Monsanto Talked to Three Other Companies Before Bayer Deal

October 20, 2016 08:58 AM

Monsanto Co. talked to three other companies about potential transactions in the months leading up to its agreement to be acquired by Bayer AG for $65.7 billion, the largest ever agricultural takeover.

Details of the talks were revealed in the seed company’s proxy statement filed Wednesday. While talks with Germany’s BASF SE about a possible combination of their respective petrochemicals businesses were previously reported, the involvement of two other parties illustrates for the first time the full scale of merger discussions involving Monsanto this year.

Monsanto agreed in September to an all-cash offer from Bayer, a deal that will create the world’s largest producer of pesticides and genetically modified seeds. It’s the latest in a series of proposed major transactions that would consolidate the industry, while sparking regulatory concerns: China National Chemical Corp. plans to buy Syngenta AG, and DuPont Co. and Dow Chemical Co. are seeking to combine and then carve out a new crop-science unit.

The prelude to the Bayer deal was Monsanto’s aborted attempt last year to buy Syngenta. Three months later, on Dec. 11, Dow and DuPont announced their merger. On Dec. 17, according to the statement, Hugh Grant, Monsanto’s chief executive officer, met with the CEO of a company active in agriculture Monsanto identifies only as "Company A" to talk about potential transactions.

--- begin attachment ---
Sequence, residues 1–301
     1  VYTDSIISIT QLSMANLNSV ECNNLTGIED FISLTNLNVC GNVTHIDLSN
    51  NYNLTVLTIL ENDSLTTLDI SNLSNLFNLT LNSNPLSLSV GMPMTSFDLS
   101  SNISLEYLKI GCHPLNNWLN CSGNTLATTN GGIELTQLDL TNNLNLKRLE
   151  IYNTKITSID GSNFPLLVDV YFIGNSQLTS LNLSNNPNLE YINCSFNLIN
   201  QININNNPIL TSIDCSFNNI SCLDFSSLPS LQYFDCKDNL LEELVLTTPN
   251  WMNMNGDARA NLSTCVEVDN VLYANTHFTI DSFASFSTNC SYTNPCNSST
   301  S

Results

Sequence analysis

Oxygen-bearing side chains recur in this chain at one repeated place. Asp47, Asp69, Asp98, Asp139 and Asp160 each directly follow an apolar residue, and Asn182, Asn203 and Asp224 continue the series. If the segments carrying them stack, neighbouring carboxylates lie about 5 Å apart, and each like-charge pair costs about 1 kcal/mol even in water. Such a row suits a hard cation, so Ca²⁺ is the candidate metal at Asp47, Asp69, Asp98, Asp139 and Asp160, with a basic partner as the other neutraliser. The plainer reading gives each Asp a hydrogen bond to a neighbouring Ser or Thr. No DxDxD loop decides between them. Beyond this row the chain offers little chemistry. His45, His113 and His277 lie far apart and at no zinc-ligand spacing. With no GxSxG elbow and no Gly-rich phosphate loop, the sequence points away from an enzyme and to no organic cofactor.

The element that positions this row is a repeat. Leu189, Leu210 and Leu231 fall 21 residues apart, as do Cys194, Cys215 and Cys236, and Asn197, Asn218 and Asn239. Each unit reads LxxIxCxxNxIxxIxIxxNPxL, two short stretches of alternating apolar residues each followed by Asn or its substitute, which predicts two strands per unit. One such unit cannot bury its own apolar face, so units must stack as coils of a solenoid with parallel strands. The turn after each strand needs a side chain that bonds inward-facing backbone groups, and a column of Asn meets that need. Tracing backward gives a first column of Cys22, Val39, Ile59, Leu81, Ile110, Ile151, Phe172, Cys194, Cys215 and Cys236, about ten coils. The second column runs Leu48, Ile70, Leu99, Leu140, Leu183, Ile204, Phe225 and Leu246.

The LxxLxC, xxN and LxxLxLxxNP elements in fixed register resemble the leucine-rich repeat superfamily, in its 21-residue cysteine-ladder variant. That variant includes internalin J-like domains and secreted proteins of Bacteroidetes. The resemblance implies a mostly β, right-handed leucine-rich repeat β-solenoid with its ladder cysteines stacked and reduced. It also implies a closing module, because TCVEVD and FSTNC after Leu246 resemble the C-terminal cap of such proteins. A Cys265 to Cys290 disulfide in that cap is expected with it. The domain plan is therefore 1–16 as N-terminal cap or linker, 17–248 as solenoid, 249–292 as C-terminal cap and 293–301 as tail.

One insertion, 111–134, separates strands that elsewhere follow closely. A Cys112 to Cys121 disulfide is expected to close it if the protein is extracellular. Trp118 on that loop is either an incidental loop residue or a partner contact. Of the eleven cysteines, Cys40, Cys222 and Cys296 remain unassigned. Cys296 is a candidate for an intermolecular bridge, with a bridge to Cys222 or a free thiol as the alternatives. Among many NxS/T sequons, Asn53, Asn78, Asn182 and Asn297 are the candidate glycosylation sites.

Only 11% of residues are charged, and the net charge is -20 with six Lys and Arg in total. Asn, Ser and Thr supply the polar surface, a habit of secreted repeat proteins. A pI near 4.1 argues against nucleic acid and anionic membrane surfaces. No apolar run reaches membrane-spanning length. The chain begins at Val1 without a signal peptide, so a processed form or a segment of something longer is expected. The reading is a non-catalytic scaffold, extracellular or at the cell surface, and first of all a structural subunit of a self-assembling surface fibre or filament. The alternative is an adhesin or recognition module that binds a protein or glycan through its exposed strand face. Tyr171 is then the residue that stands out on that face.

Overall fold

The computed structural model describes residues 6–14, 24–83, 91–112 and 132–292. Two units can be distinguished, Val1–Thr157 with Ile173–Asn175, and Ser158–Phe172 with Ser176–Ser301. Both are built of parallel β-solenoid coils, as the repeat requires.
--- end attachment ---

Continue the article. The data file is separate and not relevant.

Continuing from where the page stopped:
Bayer Meeting

Grant had a similar meeting with the CEO of "Company B" in March. In April, Grant said in an earnings call that the company no longer saw large-scale M&A as a strategy, but would pursue small acquisitions and partnerships.

It was only after May 10, when Bayer’s new CEO Werner Baumann met with Monsanto executives and proposed a $122-a-share, all cash offer, that those two companies started talking about a combination. Monsanto talked to "Company C" in June about a potential transaction, but the discussions with Bayer, which stretched into September, ultimately prevailed, with Monsanto agreeing to an improved offer of $128 a share.

A spokesman for St. Louis-based Monsanto said the company had no further comment beyond the statement.

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